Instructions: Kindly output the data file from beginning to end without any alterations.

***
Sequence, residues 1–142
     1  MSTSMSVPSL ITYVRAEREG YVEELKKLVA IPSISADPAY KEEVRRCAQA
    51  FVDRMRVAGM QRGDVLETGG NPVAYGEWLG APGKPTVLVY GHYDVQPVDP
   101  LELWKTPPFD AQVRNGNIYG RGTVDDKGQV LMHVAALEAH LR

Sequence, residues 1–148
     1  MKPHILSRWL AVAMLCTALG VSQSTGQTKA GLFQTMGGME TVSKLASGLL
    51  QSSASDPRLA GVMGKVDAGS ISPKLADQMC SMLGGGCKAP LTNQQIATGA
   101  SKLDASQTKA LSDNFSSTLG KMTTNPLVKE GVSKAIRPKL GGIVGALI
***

Sequence, residues 1–142
     1  MSTSMSVPSL ITYVRAEREG YVEELKKLVA IPSISADPAY KEEVRRCAQA
    51  FVDRMRVAGM QRGDVLETGG NPVAYGEWLG APGKPTVLVY GHYDVQPVDP
   101  LELWKTPPFD AQVRNGNIYG RGTVDDKGQV LMHVAALEAH LR

Sequence, residues 1–148
     1  MKPHILSRWL AVAMLCTALG VSQSTGQTKA GLFQTMGGME TVSKLASGLL
    51  QSSASDPRLA GVMGKVDAGS ISPKLADQMC SMLGGGCKAP LTNQQIATGA
   101  SKLDASQTKA LSDNFSSTLG KMTTNPLVKE GVSKAIRPKL GGIVGALI